October 3rd, 2011 | Published in Shameless self-promotion
I’ve been preoccupied with moving out of the apartment I’ve lived in for 6 years and now I’m in the process of moving to Europe for three months, so today’s post is a clip show; regular programming will resume next week. My last post was somewhat controversial, and elicited responses from both Marcy Wheeler and DJW at Lawyers, Guns, and Money. Those deserve serious responses, but that will have to wait until I have some more time.
Meanwhile, we’re in reruns. Most of this blog’s readers have discovered it in the past few months, due to the much-appreciated publicity of folks like Matt Yglesias, Mike Konczal, and Henry Farrell (and with a special hat tip to John Boy for being the O.G. of promoting my writing when I couldn’t be bothered to do it myself). But I’ve actually been blogging on and off for years; until recently, I wrote mostly for myself and a few friends, indifferent to the possibility of finding a broader audience. But as long as you’re all here, I figured I’d point out a few of my favorite posts from this site’s pre-history, which I think at least sort of hold up. There are some elements of style and content that I wouldn’t repeat now, but I still hold to the core ideas.
On the Mode of Production. This one is quite old, but it’s still the best attempt I’ve come up with at expressing something I think about Marxism, and about theories of history in general, that I think is both unusual and important. The short version is that I think Marxism is a theory of capitalism, not a theory of history, and I’m skeptical that a fully trans-historical account of human societies is even possible. (Although David Graeber’s new book on debt makes a good run at one; more on that later.)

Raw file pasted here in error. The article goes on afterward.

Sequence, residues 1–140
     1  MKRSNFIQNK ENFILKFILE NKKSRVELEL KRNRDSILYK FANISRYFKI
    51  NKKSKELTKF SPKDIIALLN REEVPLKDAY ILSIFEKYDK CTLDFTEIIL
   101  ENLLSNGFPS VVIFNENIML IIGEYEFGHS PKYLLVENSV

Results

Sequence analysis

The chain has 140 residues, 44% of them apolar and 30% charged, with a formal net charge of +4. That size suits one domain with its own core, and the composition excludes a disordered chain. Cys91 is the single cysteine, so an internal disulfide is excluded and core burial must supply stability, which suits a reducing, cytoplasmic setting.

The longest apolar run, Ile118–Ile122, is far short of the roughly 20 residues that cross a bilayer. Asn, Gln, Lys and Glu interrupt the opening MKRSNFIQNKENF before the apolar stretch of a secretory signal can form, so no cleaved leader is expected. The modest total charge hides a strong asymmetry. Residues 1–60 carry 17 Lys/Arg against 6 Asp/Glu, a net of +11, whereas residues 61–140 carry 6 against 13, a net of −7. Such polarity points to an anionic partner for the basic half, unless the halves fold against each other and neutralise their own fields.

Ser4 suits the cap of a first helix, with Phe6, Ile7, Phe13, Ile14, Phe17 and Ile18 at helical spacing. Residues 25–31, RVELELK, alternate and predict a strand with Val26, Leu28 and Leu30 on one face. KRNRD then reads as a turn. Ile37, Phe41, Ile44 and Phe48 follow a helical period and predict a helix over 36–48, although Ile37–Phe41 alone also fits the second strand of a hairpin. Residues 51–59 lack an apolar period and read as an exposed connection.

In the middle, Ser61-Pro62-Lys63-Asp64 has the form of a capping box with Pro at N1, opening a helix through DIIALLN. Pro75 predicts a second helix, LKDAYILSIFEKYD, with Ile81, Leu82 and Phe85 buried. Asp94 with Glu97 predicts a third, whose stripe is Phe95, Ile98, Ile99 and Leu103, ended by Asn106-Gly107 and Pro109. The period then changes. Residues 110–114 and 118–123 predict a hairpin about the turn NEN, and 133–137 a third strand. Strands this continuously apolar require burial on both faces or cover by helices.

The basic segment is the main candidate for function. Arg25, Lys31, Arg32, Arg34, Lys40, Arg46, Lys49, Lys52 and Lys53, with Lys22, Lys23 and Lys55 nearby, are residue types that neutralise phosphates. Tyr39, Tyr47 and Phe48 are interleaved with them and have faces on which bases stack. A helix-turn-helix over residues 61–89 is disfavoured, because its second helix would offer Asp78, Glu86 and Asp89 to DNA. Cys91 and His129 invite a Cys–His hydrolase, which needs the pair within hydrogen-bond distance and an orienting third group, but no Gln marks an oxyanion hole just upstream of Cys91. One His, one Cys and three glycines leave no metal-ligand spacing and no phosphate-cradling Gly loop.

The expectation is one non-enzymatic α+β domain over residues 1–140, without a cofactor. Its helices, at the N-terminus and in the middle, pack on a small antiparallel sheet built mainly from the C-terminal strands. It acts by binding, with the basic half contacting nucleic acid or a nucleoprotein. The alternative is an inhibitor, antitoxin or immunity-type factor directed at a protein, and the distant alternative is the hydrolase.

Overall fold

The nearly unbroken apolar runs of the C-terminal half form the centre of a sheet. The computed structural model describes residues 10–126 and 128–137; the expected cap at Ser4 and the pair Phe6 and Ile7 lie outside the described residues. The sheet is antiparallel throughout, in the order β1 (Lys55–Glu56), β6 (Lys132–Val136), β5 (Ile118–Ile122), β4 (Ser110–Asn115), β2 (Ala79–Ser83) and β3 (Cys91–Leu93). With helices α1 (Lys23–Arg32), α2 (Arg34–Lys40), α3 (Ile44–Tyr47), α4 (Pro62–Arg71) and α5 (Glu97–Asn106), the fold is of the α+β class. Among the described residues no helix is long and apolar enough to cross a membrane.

The Game Beyond the Game. My case for a radical rather than liberal interpretation of The Wire.
Idiocracy‘s Theory of the Future. This is actually high up on the list of my most-viewed posts of all time, but all of that traffic seems to be from search engines. It’s my reckoning with a movie that’s both under-appreciated and deeply fucked up, a post that belongs in the same lineage of arguments that produced my break-out hit single “Anti-Star Trek”.
Marx’s Theory of Alien Nation. How capitalism is like an alien invasion.
Art as Art, Anti-Art, Post-Art. My one and only attempt at art criticism, which is probably going to seem foolish or old hat to people who actually know about this stuff. But for what it’s worth, I once put this argument to Ad Reinhardt’s grandson (who’s a theater director), and he found it at least plausible.